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Giraldus Cambrensis Quotes
Page 1 of 1
1146 - 1223
| Happy and fortunate indeed would this nation be, nay, completely blessed, if it had good prelates and pastors, and but one prince, and that prince a good one.
| These people being of a sharp and acute intellect, and gifted with a rich and powerful understanding, excel in whatever studies they pursue, and are more quick and cunning than the other inhabitants of a western clime.
| Evil borders upon good, and vices are confounded with virtues; as the report of good qualities is delightful to a well-disposed mind, so the relation of the contrary should not be offensive.
| Nor do I think that any other nation than this of Wales, nor any other language, whatever may hereafter come to pass, shall on the day of severe examination before the Supreme Judge, answer for this corner of the earth.
| It is remarkable that this people, though unarmed, dares attack an armed foe; the infantry defy the cavalry, and by their activity and courage generally prove victors.
| Since, therefore, no man is born without faults, and he is esteemed the best whose errors are the least, let the wise man consider everything human as connected with himself; for in worldly affairs there is no perfect happiness under heaven.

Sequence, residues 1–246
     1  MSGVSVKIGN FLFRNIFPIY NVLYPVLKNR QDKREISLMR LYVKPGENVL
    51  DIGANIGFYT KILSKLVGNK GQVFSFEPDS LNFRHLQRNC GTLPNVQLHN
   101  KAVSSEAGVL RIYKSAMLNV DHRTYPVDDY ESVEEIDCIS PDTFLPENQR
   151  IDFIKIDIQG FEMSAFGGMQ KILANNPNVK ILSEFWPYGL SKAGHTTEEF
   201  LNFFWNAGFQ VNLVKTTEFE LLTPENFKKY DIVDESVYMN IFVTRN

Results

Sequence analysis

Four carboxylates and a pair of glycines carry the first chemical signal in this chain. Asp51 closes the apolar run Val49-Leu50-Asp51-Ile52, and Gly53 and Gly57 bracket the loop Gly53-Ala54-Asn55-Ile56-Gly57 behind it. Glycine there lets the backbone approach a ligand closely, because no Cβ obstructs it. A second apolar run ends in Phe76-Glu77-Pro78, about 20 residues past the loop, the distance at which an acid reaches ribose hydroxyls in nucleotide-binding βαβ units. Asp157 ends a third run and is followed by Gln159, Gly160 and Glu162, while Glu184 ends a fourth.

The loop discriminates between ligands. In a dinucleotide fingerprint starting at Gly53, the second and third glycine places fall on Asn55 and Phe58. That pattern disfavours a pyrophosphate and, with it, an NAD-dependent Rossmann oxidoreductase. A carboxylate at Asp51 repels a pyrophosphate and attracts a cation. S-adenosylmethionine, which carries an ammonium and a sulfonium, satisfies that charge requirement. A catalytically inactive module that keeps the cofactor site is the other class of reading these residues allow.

| From these inconsiderable attempts, some idea may be formed with what success, should Fortune afford an opportunity, I am likely to treat matters of greater importance.
| No one of this nation ever begs, for the houses of all are common to all; and they consider liberality and hospitality amongst the first virtues.
| Wales was in ancient times divided into three parts nearly equal, consideration having been paid, in this division, more to the value than to the just quantity or proportion of territory.
| Not addicted to gluttony or drunkenness, this people who incur no expense in food or dress, and whose minds are always bent upon the defence of their country, and on the means of plunder, are wholly employed in the care of their horses and furniture.
| The men and women cut their hair close round to the ears and eyes. The women, after the manner of the Parthians, cover their heads with a large white veil, folded together in the form of a crown.
| Nature hath given not only to the highest, but also to the inferior, classes of the people of this nation, a boldness and confidence in speaking and answering, even in the presence of their princes and chieftains.